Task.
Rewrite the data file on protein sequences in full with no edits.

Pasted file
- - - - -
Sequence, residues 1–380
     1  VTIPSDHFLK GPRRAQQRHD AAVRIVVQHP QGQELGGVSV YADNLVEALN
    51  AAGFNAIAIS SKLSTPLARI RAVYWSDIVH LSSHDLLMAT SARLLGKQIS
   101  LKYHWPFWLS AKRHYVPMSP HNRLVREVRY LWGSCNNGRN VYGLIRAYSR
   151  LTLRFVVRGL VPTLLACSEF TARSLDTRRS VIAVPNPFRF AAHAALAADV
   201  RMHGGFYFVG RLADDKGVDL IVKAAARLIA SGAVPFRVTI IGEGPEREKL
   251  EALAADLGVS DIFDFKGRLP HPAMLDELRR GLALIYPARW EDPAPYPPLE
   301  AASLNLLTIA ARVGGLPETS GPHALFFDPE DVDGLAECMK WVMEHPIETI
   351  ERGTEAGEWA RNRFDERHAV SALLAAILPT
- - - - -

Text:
Sequence, residues 1–380
     1  VTIPSDHFLK GPRRAQQRHD AAVRIVVQHP QGQELGGVSV YADNLVEALN
    51  AAGFNAIAIS SKLSTPLARI RAVYWSDIVH LSSHDLLMAT SARLLGKQIS
   101  LKYHWPFWLS AKRHYVPMSP HNRLVREVRY LWGSCNNGRN VYGLIRAYSR
   151  LTLRFVVRGL VPTLLACSEF TARSLDTRRS VIAVPNPFRF AAHAALAADV
   201  RMHGGFYFVG RLADDKGVDL IVKAAARLIA SGAVPFRVTI IGEGPEREKL
   251  EALAADLGVS DIFDFKGRLP HPAMLDELRR GLALIYPARW EDPAPYPPLE
   301  AASLNLLTIA ARVGGLPETS GPHALFFDPE DVDGLAECMK WVMEHPIETI
   351  ERGTEAGEWA RNRFDERHAV SALLAAILPT